I think the another thing that has made a big influence on helping my kids love to read, is my own love of reading. They see me with my kindle or a novel all the time. Whether at home, or in my handbag, wherever I am, I always have reading material. Even while driving I play audio books. They see me loving books, and they are influenced by that. As their mother, they look to me for direction and guidance. I hear them repeat things I say, and at times it’s a huge wake up call because I don’t like hearing them talk in ways that I have done. It’s the same with reading.

My last thing that I’ve noticed has helped my oldest is reading scripture together every morning. She gets to read a verse of her own choosing, and I’ve noticed she can read more and more words each time. She loves our scripture reading time too, and when we’re running late, she pouts about missing it in the car.

As time goes by, I hope to really embed in my children the love of reading. Books can open their lives up to so many paths, and I want them to have choices and the freedom to be what they so choose. Which is why teaching the love of reading is one of my top priorities for raising my kids.

Falling For Words

giphy4

For us, the most important part of writing is to make our reader fall in love, and an author can do this in a few ways.

Firstly with a relatable or sympathetic character. This doesn’t necessarily mean a hero, or even a generally nice person, but it is someone who the reader can connect to. For example Myrnin from The Glass House series. Myrnin had his quirks, wore bunny slippers, and was losing his mind; all of these things added to the reader feeling for him and connecting to him. He also killed his former assistant to connect her brain to his computer so that he could try to find a cure for his insanity. Not exactly a hero, but a memorable and favoured character.

giphy3

Then there are high stakes. The higher the better. Putting good characters in bad situations or facing insurmountable odds pushes your reader to root for them, to become invested emotionally in the outcome of the characters you created. For example, Vampire Academy (major spoiler alert) uses high stakes throughout the series to keep the readers on edge but completely invested. The series starts with the Strigoi as the big bad, the stakes escalate when they begin targeting the royal line of vamps–the MC’s best friend is one of these royals. The series builds again when the main love interest is turned into a Strigoi, prompting the MC to hunt the man she loves.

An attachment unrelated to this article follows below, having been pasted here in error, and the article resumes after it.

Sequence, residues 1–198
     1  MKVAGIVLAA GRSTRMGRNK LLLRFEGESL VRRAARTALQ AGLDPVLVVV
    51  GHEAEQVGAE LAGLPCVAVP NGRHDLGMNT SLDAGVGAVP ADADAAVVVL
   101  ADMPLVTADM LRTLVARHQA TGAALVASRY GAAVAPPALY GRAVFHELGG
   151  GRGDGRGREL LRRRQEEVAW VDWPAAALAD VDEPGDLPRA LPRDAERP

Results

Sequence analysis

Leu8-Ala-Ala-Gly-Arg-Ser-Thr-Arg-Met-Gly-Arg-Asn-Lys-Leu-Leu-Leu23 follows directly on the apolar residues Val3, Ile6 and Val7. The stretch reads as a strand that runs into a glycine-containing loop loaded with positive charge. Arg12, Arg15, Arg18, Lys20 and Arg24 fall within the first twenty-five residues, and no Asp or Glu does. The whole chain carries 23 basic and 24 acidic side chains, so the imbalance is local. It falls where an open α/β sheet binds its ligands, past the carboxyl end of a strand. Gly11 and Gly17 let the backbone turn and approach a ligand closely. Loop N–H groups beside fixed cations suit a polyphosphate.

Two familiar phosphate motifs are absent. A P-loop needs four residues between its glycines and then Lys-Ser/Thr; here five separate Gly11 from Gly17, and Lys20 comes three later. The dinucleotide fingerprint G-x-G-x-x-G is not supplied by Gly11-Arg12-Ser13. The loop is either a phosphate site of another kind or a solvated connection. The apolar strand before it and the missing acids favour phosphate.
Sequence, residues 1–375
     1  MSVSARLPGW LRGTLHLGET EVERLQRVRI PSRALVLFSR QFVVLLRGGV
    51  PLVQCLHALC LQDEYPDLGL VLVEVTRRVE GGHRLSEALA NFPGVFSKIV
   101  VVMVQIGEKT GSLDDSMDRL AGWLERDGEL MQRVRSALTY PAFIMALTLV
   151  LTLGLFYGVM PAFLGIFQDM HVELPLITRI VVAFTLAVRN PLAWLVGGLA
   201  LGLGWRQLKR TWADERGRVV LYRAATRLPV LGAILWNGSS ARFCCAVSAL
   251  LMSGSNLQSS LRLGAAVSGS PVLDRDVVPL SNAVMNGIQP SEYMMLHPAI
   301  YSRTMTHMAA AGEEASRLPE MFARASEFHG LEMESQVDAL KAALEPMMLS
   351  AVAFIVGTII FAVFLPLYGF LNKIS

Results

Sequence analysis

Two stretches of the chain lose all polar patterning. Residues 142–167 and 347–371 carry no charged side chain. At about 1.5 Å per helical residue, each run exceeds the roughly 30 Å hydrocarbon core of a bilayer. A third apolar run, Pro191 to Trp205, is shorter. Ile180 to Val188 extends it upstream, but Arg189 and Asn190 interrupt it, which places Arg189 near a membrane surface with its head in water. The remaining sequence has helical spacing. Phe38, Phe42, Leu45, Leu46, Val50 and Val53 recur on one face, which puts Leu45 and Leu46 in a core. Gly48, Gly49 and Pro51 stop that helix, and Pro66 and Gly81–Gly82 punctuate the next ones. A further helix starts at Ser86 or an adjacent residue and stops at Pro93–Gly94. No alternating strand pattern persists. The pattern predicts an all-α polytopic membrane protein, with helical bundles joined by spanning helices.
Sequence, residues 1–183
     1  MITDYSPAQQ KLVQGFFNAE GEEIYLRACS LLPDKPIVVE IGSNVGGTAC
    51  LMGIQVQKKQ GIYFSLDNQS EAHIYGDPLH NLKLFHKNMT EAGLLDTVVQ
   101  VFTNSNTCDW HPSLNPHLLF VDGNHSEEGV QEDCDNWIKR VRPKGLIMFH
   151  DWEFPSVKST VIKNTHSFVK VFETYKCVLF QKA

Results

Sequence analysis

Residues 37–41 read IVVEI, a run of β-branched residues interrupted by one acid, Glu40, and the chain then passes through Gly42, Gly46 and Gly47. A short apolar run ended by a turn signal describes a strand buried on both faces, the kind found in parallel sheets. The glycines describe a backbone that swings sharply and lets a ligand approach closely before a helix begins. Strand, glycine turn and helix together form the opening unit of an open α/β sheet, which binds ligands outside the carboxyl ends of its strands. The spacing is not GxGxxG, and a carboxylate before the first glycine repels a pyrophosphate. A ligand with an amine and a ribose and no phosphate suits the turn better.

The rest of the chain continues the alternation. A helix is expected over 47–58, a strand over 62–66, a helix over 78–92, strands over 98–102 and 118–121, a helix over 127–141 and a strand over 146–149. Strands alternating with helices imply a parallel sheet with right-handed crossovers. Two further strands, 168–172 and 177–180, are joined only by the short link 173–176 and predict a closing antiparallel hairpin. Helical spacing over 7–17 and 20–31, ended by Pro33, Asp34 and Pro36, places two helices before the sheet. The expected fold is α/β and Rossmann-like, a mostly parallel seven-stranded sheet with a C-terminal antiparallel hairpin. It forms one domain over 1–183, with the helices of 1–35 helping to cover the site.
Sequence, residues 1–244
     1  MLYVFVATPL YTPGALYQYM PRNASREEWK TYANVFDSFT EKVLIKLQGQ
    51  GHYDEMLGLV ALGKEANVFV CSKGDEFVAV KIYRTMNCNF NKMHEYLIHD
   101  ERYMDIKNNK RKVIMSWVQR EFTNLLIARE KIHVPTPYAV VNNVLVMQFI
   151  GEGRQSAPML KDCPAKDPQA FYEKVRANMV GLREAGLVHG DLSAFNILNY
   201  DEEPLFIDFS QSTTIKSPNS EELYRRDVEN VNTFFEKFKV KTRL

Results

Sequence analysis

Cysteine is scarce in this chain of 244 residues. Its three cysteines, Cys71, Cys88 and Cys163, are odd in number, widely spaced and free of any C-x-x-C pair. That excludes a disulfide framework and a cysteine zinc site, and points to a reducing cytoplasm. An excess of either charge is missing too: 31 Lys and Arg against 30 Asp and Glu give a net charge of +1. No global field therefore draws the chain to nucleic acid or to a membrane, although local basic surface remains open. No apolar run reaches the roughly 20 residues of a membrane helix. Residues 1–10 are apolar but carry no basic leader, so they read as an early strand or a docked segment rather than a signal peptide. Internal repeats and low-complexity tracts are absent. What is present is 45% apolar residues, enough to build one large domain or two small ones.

8398761

Another way is to give us an unexpected ending. Turning your reader on their head can leave a lasting impression, especially when that final scene is one of happiness and joy. I do not know anyone who has said, ‘oh that book where the main character dies and the guy she loves is left alone forever, yes that book, I sooo wanna read that again’. Sorry, but give us a struggle and take us to some dark places but you better leave us and the MC in a better place at the end if you want a place in our heart.

606924

Finally, and this could be considered the best way to secure a pace in our heart–Make us swoon. Sweep us off our feet. We need the characters to interact with each other in a way that connects to the reader. Give us the friends to lovers, enemies to friends, friends to enemies to friends to lovers.

giphy2

The books you fall for are the ones you re-read. Rebecca fell for Vampire academy, and fell hardest for Last Sacrifice which she read three times. Heather fell hard for VA too, but also for The Lunar Chronicles and Simon vs the Homo Sapiens Agenda.

What words have you fallen for? What books are forever in your heart?

 

Four Times I Got on the Wrong Ship (aka Unlucky in Love Triangles)

Featured image source: Shutterstock

Ship noun (in fanfic) 1. a relationship.
— verb (t) (shipped, shipping
2. to create a relationship between two characters in a work of fiction, as in the genre fanfic.
[shortened form of relationship]

— Macquarie Dictionary

Love triangles* are one of the biggest tropes in modern YA and in speculative fiction more broadly, usually of the two-guys-one-girl variety.